Mnuchin’s Former Bank Pays $89 Million to Settle Mortgage Claims

LOS ANGELES — A reverse mortgage lending company that was previously connected to Treasury Secretary Steve Mnuchin has agreed to pay $89 million to settle claims that it abused a federal home insurance program. Federal officials had been investigating the company’s failed home loans to a mostly-elderly clientele.

The company, Financial Freedom of Austin, Texas, agreed to make the payment to close a U.S. government investigation into its practice of allegedly speeding home foreclosures without following Department of Housing and Urban Development requirements. Mnuchin led a group of investors that bought IndyMac Bank and its Financial Freedom unit in 2009. The investors realized a large profit when they reorganized IndyMac, based in Pasadena, Calif., as OneWest Bank.

An Oxnard, Calif., consumer advocate, who helped blow the whistle on the reverse mortgage tactics, will collect $1.6 million of the settlement, according to the U.S. Department of Justice, which announced the settlement Tuesday.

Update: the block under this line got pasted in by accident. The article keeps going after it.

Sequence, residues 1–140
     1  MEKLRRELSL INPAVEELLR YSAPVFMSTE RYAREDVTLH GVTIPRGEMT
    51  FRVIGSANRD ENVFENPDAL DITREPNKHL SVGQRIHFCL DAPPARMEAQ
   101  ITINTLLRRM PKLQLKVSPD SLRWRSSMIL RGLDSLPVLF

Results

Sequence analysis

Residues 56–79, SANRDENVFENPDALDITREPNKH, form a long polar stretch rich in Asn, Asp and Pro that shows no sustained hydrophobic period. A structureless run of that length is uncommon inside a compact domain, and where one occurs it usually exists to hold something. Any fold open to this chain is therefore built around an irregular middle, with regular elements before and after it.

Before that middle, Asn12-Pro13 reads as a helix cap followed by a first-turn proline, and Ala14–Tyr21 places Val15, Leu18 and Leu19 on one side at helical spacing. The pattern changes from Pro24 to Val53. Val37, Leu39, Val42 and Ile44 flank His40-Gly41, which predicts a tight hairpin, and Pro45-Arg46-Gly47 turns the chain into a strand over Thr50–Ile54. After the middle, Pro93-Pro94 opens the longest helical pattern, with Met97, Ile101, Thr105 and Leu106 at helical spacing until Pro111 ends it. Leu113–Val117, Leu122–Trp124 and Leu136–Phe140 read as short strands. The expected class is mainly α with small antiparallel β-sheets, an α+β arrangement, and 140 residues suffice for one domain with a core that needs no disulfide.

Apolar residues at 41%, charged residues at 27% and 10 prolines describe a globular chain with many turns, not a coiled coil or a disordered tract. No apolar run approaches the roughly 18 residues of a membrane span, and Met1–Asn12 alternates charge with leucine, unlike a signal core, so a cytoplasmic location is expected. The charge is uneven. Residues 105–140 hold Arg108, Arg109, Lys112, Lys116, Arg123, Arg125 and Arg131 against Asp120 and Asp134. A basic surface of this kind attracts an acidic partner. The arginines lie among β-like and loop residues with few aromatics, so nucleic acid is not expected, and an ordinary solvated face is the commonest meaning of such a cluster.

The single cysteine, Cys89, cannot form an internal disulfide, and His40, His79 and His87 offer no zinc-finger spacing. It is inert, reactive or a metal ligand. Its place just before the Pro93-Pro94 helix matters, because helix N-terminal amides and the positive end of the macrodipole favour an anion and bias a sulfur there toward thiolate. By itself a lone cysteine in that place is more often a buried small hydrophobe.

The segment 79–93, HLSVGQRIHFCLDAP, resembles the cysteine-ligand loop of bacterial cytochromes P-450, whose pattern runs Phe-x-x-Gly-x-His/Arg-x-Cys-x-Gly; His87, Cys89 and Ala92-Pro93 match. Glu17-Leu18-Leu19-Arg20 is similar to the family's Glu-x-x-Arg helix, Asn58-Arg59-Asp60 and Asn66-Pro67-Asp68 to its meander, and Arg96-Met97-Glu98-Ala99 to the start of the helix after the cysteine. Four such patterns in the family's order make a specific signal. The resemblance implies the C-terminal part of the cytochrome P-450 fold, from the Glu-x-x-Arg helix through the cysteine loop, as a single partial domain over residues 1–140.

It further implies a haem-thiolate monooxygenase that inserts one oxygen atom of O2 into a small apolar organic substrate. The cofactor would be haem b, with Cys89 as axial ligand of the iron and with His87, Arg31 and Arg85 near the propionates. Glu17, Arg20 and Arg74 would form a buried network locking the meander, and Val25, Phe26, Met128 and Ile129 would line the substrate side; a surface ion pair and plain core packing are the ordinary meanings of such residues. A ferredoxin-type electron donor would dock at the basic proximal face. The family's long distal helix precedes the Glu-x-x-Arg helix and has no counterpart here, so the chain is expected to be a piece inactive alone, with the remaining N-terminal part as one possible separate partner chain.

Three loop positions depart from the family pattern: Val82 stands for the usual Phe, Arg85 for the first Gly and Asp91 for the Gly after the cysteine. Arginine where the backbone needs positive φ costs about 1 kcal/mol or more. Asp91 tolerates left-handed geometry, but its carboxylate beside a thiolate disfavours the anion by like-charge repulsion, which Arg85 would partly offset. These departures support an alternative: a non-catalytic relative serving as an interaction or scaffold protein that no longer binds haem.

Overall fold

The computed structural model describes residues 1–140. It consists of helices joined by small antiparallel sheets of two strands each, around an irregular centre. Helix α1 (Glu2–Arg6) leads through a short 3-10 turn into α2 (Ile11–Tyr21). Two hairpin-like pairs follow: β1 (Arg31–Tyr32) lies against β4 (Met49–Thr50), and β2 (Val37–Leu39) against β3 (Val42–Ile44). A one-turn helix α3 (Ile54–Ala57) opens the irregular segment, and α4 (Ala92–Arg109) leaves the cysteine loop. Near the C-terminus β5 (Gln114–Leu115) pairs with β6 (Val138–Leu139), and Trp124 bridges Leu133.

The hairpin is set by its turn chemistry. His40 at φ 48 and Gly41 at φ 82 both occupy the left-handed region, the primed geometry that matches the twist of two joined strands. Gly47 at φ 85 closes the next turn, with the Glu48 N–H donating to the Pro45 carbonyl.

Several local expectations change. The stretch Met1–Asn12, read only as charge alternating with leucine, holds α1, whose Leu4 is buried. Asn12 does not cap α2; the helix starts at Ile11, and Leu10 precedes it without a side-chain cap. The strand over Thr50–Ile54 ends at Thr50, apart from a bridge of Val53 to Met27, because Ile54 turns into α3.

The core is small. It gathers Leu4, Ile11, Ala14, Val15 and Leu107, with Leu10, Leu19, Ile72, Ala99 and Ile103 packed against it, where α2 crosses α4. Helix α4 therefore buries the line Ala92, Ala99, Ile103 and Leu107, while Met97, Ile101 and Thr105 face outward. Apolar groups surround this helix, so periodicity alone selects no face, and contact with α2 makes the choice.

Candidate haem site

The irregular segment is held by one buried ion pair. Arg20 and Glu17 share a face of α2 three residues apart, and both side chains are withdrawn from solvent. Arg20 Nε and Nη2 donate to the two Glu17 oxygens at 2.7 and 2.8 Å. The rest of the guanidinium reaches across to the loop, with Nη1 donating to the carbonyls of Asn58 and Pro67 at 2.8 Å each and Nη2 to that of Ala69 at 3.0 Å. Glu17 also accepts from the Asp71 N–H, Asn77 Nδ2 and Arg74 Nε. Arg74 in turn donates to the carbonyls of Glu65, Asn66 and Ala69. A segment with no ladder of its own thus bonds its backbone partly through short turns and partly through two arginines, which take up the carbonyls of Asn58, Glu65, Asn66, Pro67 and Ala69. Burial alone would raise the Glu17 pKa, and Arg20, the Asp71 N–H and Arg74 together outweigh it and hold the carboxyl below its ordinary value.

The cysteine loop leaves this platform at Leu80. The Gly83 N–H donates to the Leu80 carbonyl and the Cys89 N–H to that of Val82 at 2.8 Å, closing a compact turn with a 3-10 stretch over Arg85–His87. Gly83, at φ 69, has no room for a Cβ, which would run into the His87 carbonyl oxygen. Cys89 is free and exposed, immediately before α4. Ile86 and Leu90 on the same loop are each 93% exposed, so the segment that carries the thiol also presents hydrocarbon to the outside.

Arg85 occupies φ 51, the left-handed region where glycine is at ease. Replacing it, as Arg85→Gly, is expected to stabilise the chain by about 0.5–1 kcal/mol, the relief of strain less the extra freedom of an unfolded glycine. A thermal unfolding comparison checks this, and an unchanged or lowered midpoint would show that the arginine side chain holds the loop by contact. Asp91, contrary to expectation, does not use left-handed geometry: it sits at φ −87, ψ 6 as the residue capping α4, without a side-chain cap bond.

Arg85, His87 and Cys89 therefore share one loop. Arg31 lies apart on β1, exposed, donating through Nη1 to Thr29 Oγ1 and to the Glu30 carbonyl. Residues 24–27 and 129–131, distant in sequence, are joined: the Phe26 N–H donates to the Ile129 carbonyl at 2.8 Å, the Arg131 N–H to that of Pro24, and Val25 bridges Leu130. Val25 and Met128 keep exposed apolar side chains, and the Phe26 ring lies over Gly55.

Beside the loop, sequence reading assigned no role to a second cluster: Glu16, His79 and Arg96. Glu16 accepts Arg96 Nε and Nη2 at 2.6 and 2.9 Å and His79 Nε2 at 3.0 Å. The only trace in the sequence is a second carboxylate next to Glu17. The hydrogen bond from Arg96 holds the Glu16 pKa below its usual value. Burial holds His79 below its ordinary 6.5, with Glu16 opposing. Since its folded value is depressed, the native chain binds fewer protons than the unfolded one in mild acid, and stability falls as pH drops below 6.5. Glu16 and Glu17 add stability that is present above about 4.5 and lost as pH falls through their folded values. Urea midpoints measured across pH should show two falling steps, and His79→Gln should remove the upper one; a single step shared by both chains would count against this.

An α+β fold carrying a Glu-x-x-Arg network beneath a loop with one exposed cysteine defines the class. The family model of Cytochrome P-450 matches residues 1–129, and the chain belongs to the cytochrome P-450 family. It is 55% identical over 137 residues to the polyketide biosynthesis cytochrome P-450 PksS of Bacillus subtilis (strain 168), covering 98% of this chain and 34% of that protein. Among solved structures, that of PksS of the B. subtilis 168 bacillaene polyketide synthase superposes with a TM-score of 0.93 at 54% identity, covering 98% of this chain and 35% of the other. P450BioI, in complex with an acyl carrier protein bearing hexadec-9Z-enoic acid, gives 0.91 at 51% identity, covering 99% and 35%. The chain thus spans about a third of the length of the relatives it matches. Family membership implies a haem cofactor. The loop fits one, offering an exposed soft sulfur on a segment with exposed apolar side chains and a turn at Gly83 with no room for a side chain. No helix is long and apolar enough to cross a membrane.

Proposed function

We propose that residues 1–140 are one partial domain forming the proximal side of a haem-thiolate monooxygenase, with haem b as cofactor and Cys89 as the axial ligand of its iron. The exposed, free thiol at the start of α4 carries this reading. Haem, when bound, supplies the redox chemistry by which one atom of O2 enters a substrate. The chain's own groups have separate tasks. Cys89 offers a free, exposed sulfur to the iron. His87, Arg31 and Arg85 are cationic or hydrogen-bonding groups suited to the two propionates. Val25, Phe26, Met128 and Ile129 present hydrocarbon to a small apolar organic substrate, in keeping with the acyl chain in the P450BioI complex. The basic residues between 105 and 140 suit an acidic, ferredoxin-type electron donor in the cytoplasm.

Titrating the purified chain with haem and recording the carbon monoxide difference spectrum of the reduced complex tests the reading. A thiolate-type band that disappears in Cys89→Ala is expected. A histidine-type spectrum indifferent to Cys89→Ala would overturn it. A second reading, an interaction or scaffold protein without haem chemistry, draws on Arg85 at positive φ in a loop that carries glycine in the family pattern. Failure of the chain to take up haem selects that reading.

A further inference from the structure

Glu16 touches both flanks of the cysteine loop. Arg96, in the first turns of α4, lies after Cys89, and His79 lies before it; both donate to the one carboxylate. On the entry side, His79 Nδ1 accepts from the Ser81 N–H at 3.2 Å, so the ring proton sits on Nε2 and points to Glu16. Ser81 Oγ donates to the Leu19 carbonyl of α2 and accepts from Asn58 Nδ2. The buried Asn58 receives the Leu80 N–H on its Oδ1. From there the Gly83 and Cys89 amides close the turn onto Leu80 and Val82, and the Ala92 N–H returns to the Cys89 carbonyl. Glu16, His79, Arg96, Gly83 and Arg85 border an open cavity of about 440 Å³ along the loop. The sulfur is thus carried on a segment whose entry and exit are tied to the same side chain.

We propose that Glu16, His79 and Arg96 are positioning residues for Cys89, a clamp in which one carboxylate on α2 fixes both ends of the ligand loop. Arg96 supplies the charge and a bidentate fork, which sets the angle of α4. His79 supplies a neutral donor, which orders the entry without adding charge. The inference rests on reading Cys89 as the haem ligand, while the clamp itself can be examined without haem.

In an interview Tuesday, the whistleblower, Sandra Jolley, recalled how Financial Freedom relentlessly pursued her terminally ill father to get him to sign a reverse mortgage on his modest ranch home, shortly before his death. Jolley went on to counsel many other families that faced foreclosures by the company. After getting word of the settlement Tuesday, Jolley told NBC News: “The human toll is indescribable.”

Jolley’s attorney, David Scher, said the foreclosures by Financial Freedom amounted to a “fraud” against homeowners that Mnuchin needs to own up to.

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“He is representing an administration that claims it’s protecting middle America, even as he stole the future from middle America,” said Scher, of the Employment Law Group in Washington.

Mnuchin could not be reached Tuesday through a Treasury Department spokesman. The one-time Wall Street banker and Hollywood film financier has previously denied claims that he was part of a “foreclosure machine.” Mnuchin said he inherited the problems of bad mortgages when he and the investors bought out IndyMac.




Image: Secretary of the Treasury Mnuchin discusses Trump administration's tax reform proposal at the White House in Washington

Secretary of the Treasury Steven Mnuchin takes questions in the White House briefing room in Washington on April 26, 2017.